You may have noticed – I don’t normally write about writing. But, having just returned from a long weekend at the London Screenwriters’ Festival, it was too good not to blog about!
The London Screenwriters’ Festival is three days of networking, learning more about the screenwriting craft and having opportunities to have your work examined in detail and to pitch. One theme running through the festival was the importance of relationships in the industry, and whilst I agree that relationships are important, my primary goal in attending the festival was not to make new friends but to strengthen my own work and pitch it to those who could get my story made. Nevertheless, one lovely lady I met on the first day, handed me the business card of someone that she thought could be a useful connection for me, so of course relationships are valuable in more ways than one.
Clutching a handful of business cards, a few one-pagers and a bundle of nerves, I immersed myself in the festival as much as I could. I attended sessions on the craft of screenwriting and editing by big names such as Christopher Vogler, Pilar Alessandra and the formidable Lucy V. Hay, and came away flummoxed by the amount I’ve still got to learn. No caps please, no long scene descriptions without action, false movement is not movement, structure, structure and more structure!
Hayley McKenzie, a script developer, reminded us that the average screenwriter writes five spec scripts before they get their big break. One lady who got produced recently, sent out 400 emails to producers before she got her work produced. You could easily be put off by the statistics but of course resilience is the key and I don’t easily give up!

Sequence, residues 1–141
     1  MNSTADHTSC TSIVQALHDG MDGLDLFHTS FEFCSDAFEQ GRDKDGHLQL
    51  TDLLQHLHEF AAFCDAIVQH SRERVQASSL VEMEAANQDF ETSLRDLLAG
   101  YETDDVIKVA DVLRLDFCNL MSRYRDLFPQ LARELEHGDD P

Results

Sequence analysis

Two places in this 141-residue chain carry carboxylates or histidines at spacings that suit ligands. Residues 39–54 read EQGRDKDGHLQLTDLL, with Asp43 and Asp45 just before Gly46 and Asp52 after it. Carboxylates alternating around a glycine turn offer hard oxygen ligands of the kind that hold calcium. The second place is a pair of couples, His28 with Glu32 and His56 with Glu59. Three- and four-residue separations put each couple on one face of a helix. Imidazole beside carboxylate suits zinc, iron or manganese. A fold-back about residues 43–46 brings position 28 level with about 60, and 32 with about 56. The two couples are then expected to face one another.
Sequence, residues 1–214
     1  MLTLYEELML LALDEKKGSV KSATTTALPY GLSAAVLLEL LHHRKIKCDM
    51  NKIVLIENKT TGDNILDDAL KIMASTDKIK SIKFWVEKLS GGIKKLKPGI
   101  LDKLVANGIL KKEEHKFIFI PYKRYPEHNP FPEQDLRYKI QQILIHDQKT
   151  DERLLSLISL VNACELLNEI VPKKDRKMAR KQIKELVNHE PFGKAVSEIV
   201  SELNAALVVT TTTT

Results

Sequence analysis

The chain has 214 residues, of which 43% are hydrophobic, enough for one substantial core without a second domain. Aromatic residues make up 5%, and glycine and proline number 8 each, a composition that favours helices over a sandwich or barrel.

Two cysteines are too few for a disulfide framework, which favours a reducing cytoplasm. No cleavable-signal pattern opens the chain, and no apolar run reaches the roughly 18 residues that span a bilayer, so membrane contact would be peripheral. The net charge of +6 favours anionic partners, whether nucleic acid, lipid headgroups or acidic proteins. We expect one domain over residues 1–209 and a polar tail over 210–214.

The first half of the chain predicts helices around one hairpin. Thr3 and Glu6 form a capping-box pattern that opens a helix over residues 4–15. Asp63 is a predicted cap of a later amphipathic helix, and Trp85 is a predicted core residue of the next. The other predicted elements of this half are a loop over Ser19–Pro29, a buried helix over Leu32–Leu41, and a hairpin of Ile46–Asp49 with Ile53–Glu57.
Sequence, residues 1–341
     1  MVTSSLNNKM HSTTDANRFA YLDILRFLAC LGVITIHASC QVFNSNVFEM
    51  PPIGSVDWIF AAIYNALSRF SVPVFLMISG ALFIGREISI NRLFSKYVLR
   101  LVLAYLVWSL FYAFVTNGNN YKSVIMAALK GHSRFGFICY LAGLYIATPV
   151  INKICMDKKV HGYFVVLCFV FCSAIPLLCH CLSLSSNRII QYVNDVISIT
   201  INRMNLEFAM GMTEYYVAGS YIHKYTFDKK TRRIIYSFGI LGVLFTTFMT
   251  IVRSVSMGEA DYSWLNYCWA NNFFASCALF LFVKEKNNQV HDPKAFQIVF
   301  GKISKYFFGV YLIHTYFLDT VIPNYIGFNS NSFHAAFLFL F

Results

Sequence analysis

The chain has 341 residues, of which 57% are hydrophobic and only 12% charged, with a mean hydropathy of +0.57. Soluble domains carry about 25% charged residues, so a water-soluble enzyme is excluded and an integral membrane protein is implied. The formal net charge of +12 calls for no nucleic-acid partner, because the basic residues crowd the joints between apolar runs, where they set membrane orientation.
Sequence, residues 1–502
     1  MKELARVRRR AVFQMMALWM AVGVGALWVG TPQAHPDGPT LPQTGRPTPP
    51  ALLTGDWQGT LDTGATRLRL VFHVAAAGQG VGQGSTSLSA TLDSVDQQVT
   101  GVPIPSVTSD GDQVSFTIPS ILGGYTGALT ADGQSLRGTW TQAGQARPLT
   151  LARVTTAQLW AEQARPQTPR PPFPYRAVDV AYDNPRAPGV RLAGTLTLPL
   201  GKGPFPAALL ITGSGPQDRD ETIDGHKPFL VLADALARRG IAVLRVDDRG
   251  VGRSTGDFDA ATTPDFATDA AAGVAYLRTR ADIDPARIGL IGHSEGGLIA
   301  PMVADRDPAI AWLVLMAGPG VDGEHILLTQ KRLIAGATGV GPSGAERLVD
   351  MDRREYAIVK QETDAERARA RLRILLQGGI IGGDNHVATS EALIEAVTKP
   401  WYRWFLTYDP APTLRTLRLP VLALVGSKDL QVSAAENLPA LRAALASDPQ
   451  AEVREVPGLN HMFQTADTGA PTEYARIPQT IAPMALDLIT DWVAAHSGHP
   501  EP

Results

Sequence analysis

Laurence Gouldbourne, from Euroscript, gave me feedback on the first 10 pages of my Lydia’s Song script, and I was delighted to learn that I’d not made too many gaffs and even that I’d included a page-3 moment (had no idea what one of those was until he told me, and it’s nothing to do with nudity!).
The highlight of the weekend for me was the Actor’s Table Read. Two professional actors and a director read through and acted out a scene from my script. It was so insightful and moving, seeing my well-known characters come to life. The biggest thing I took away was that performance brings out aspects of your script that don’t work for the audience in terms of character and emotional arc, and I’m going to move some pieces of dialogue around as a consequence.
Getting a pitching session (like speed dating with producers!) was also one of the biggest aspects of the festival. I’d hoped to get a session on the Friday, but that slot was quickly filled up and I ended up having the last session on Sunday. It turned out to be the right session for me as out of the five producers I saw, four loved the sound of my story, and two wanted to see my full script, which is not a bad ratio at all! One producer told me that if he were Angelina Jolie he might be able to get into Cambodia but he didn’t think he had the connections to do so, whereas to one Chinese producer, the fact that it was Cambodia rather than China was appealing to her as the topic would be too politically sensitive to film in China!
So, having jotted down my thoughts from the festival, the first thing I’m going to do is go away and tighten up my script even more before sending it out. Ever onward.